From the U.S.: I’m 14 and for the past 5 years, I have had issues with ADHD, trichatillomania, compulsive lying, and compulsive eating, as well as self-esteem issues. Although my mother is a psychiatrist, my compulsive lying has turned all my family members against me. They all hate me and when I express that I need help they blatantly ignore me and even though I know I caused this myself, it hurts.
I am medicated for my ADHD, and I have my trichatillomania under control, but I still feel terrible about myself and it seems that I can’t fix my problems. I would say that I might have Borderline Personality Disorder, but I am not eighteen so I can’t be diagnosed officially. I often have moments of emptiness and I hate myself and my compulsive eating and lying. Any suggestions of what I should do?My Lying Has Turned My Family Against Me
My Lying Has Turned My Family Against Me
There’s an old saying: “The cobbler’s children have no shoes.” It refers to the idea that often enough people who are really successful in their jobs sometimes aren’t very good at it in their personal lives. It’s not at all unusual for people in the mental health professions to be blind to mental health issues in their own homes. Perhaps we’re so emotionally exhausted from listening so carefully all day to people’s problems that we turn those skills off when we leave the office. Or maybe it’s a case of not being able to see family troubles clearly when we are part of the family. All that is to suggest that although your mom is a psychiatrist, she may not be aware of how troubled you are. I have to wonder if at least some of your behaviors are attempts to get her to pay attention.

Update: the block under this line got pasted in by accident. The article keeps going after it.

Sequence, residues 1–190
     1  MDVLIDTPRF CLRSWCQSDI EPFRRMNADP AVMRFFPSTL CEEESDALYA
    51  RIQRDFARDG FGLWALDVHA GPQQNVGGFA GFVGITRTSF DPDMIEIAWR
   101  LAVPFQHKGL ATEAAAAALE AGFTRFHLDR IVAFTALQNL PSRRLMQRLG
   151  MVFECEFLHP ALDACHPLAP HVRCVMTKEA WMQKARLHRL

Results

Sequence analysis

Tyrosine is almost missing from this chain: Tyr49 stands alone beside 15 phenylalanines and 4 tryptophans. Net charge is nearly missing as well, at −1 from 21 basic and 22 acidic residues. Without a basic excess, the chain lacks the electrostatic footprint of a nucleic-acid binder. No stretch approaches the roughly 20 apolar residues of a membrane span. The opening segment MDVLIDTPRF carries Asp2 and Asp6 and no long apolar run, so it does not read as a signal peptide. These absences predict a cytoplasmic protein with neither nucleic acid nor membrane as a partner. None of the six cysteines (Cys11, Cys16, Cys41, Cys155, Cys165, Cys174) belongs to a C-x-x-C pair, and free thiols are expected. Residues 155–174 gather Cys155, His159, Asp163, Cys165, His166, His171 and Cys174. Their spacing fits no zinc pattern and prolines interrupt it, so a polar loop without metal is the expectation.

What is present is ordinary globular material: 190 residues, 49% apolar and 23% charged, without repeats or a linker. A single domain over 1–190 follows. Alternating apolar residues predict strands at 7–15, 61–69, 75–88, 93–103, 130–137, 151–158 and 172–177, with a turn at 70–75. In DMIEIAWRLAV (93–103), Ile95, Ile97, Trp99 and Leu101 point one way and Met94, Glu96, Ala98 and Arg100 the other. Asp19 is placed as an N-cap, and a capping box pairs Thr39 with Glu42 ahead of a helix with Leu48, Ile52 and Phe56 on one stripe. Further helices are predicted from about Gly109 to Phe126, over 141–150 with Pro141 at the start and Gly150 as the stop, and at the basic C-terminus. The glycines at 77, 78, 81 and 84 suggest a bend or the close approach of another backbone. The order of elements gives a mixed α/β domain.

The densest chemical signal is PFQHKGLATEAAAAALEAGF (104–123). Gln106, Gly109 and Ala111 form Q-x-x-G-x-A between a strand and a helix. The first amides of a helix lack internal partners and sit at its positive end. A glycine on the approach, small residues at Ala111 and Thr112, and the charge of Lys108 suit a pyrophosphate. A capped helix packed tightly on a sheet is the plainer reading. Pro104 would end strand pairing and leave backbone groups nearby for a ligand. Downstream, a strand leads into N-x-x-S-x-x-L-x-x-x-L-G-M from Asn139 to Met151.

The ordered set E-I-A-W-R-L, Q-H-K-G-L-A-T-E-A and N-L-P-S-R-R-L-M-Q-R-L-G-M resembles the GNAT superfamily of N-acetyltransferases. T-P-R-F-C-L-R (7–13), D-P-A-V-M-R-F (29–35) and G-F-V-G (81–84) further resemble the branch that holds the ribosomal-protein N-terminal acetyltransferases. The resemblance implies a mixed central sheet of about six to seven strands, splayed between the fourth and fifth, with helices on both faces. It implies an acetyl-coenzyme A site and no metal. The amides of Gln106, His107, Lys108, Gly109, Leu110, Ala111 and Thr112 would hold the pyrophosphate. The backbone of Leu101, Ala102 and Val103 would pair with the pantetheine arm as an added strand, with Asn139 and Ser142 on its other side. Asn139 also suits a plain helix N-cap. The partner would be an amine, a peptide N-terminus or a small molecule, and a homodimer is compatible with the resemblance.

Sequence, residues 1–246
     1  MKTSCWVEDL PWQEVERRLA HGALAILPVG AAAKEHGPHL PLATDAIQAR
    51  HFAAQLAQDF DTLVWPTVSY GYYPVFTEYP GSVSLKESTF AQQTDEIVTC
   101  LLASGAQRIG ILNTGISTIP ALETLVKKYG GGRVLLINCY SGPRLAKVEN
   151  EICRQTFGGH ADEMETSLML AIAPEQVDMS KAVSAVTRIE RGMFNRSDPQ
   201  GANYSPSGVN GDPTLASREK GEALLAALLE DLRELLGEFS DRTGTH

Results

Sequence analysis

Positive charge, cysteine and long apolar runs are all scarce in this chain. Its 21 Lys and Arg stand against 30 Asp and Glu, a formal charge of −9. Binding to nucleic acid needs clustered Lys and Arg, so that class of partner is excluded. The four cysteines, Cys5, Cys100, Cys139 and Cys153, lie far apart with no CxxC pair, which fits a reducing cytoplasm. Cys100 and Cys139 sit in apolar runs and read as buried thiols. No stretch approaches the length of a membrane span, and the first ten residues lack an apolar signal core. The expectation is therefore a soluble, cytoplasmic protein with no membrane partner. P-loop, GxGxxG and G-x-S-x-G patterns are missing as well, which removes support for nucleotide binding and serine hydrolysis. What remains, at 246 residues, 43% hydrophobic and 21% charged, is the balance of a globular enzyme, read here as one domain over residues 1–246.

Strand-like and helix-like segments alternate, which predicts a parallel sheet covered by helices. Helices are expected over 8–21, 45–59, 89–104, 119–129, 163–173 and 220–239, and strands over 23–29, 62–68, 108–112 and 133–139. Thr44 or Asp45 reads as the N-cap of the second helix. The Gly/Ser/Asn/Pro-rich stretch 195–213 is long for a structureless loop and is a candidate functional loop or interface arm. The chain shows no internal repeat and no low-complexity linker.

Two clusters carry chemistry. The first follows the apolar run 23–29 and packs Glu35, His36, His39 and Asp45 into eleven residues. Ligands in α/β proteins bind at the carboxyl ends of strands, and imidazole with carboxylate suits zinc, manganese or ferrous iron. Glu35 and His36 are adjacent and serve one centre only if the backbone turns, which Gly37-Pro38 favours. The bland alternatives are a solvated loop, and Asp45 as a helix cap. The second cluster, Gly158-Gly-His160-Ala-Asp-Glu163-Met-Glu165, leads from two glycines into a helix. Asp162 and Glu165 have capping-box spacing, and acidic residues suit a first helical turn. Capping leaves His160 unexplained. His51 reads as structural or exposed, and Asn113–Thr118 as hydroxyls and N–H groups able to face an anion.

I say “some” because you are also 14, an age when there are many internal and external things going on that cause stress. Almost all adolescents share some of the characteristics of Borderline. The emotional dysregulation and unstable relationships of the teen years are a normal part of growing up. The challenge of the those years is to learn how to manage our emotions and how to successfully navigate relationships.
I do think you need some help. I don’t think the strategies you are using to get it (lying and over-eating) are working. I suggest a more straight-forward approach. Apologize to your mom for the lying. Calmly tell her what you told me — that you don’t like what you’ve been doing but don’t know how to stop on your own. Ask if the two of you can see a family therapist to help you make a better relationship. If she minimizes or disregards your concerns, consider talking with your school counselor or another adult you trust to get some help with that conversation with your mom.
Meanwhile: Self esteem doesn’t happen magically. You need to get out of your own problems and do something to earn it. Get involved with some activity or charity or cause that touches your heart. You will meet other people who care about what you care about. You will also have the opportunity to learn some new skills. Make a difference in other people’s lives and you will make a huge difference in your own.
I wish you well.